The Transition movement coaches us to "begin in your own backyard." But what if your backyard happens to be one of the biggest megacities in the world?
CAN IT BE DONE?
From the very beginning -- even before the December 2008 Open Space circle that resulted in the formation of our Transition Los Angeles city hub, and even from people who really ought to know better -- I have heard the doubts. Los Angeles is too big. You can't hope to fix it. It can't be done.
But at the same time, there's that old adage about "a journey of a thousand miles ..." And the basic necessity of it: what else are we supposed to do, simply do NOTHING?
To those of you who are reading this who also live in big cities, I say: carry on. Keep on working for change. Any bit of progress helps. As a personal survival mechanism, it helps to ignore the nay-sayers. Believe it can be done, begin the baby steps, allow progress to build, celebrate victories no matter how small. Yes, do look at the big picture, but don't let it get you down. Don't think too hard about how very big it is, just get positive progress started.
And with that attitude, we in Los Angeles have accomplished quite a lot in a very short period of time!
The question of scale has been with us at Transition Los Angeles (TLA) since our inception. The December 2008 Open Space circle that resulted in the formation of our city hub was on the concept of scale: how do you divide the big city into manageable portions to begin the Transition process?
Let's face it, Los Angeles is huge. Wikipedia calls it a "megacity," and lists it as the second largest city in the U.S., and the 46th largest city in the world. Both of these calculations are flawed, and I'll tell you why in a minute, but let me suffice to say, we're one of the biggest, if not the biggest, metropolitan area in the world that is working with the Transition model.
It was clear from the start that for Transition purposes, we would have to break it down into manageable chunks. But how do you go about doing that?
One of the immediate issues with Los Angeles is: WHERE DOES IT END? A quick search on Google for "Los Angeles map" gives a visual of the problem. You see, there is the official City of LA (3.8million people and 498.3 square miles). And then there is the broader county (10.4 million people, 88 incorporated cities, 4752 sq miles). Then there is the geographic basin (35mi long and 15mi wide). And then there is the continuous development (urban area 12.9 to 17.8 million people, depending on how you cut it).
Los Angeles flows. It doesn't end. One neighborhood merges into the next, with the only delineating factor being that the color of the street signs changes. Los Angeles county merges into nearby counties of Orange, San Bernardino, and Ventura without any gap in development. It flows over creekbeds, it flows over the river, it flows across mountaintops. The only thing that doesn't flow is that which is supposed to flow: the freeway system.
At the time we formed TLA, we were reading Hopkins' materials and all of them described models of pure localization: live, work, play all in the same small UK town with very little need to travel. UK towns are apparently (I've never been there) separated from one another by farmland. Wow, what a concept. We have nothing like that here, no natural separaters which would help delineate between say, Transition Culver City and Transition Mar Vista. Natural geography is of little help in dividing the city into manageable chunks for Transition work.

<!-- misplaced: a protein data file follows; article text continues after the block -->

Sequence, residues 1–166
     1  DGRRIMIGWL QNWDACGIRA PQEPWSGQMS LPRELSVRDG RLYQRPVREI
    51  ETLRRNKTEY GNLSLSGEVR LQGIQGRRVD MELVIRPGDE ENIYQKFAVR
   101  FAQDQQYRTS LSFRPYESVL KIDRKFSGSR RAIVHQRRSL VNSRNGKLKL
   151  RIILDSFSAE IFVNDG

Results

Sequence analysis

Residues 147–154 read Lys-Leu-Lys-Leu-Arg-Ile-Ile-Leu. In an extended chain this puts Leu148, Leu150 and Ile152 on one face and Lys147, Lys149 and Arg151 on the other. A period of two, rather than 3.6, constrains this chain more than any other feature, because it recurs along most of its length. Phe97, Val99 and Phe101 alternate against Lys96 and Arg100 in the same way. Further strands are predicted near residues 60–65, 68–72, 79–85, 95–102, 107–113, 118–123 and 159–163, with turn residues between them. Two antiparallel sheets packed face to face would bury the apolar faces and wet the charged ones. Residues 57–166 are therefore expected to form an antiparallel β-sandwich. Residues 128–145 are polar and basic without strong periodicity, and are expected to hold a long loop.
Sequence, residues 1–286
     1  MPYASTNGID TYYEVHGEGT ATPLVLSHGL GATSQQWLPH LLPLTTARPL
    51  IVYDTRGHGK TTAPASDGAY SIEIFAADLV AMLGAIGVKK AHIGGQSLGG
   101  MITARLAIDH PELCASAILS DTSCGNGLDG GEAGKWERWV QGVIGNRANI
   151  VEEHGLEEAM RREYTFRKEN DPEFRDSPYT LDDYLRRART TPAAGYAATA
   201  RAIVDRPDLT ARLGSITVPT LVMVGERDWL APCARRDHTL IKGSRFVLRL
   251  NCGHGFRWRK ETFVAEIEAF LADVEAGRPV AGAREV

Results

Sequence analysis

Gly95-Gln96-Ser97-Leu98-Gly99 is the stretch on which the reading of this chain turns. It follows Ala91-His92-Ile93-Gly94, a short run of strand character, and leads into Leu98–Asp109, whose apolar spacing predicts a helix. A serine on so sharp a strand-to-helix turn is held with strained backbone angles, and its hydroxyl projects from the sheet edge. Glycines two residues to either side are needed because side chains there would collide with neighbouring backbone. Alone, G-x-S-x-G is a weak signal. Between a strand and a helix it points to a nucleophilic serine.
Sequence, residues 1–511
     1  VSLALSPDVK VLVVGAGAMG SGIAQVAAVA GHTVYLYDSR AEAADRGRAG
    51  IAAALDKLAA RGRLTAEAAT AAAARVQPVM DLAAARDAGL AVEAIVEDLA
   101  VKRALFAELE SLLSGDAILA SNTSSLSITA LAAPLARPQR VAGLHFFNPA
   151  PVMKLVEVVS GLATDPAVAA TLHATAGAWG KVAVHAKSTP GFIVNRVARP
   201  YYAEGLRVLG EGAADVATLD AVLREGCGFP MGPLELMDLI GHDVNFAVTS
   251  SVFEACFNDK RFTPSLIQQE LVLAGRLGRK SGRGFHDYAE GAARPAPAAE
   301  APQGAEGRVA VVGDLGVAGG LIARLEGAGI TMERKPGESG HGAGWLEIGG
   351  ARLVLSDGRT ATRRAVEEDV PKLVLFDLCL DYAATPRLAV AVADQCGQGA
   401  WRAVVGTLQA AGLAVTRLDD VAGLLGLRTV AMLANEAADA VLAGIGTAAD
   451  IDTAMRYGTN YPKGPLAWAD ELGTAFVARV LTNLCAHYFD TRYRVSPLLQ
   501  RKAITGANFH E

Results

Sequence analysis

Most Los Angelenos are very accustomed to driving. This city grew up -- entirely -- during the age of the automobile. Thus people live in one neighborhood, drive their kids to school in another neighborhood (sometimes different schools in different neighborhoods for the kids in the same family). After school/work activities might be anywhere, and people think nothing of taking off across town for a shopping errand.
People who work in the same office live in vastly scattered geography. Small businesses might serve clients across the basin. Friends live all over the place; family might not even live here, because so many Los Angelenos are newcomers to this city.
We even encounter it on our sign-in sheet at Transition events. When we ask for zip code, people ask us right back: would that be work or home? mail or physical address? As far as a "sense of place," everyone here seems to have too many places and no real Place.
In the December 2008 Training for Transition that included the Open Space discussion, Sophy Banks brought up the subject of Belonging. Where do people feel they belong? Where do they feel a strong sense of connection? The budding Transition Los Angeles team decided to go with that.
In our initiating team, we had people who felt connected to a community garden in the Venice area. We had people who felt connected to a garden and meeting site in the Westchester area. We had people who were from a church in the Culver City area. That meant we had at least three sites to start with, where people felt a sense of connection. Regardless of whether attendees drove to get to those meeting sites, we decided to start with multiple local sites.
It took us some time to feel really solid about building upon "Belonging sites" rather than pure localization. And it took a lot of explaining. We have continually been faced with explaining our unique solution to the problem.
We came up with a diagram to describe it. The first version was a pyramid -- pods below and city hub above -- like a corporate org chart. But that didn't feel right.
Then we hit upon the umbellifer flower form. We flipped the pyramid upside down and had a diagram that looked like fennel, which grows wild on our L.A. hillsides, or yarrow, a native California plant.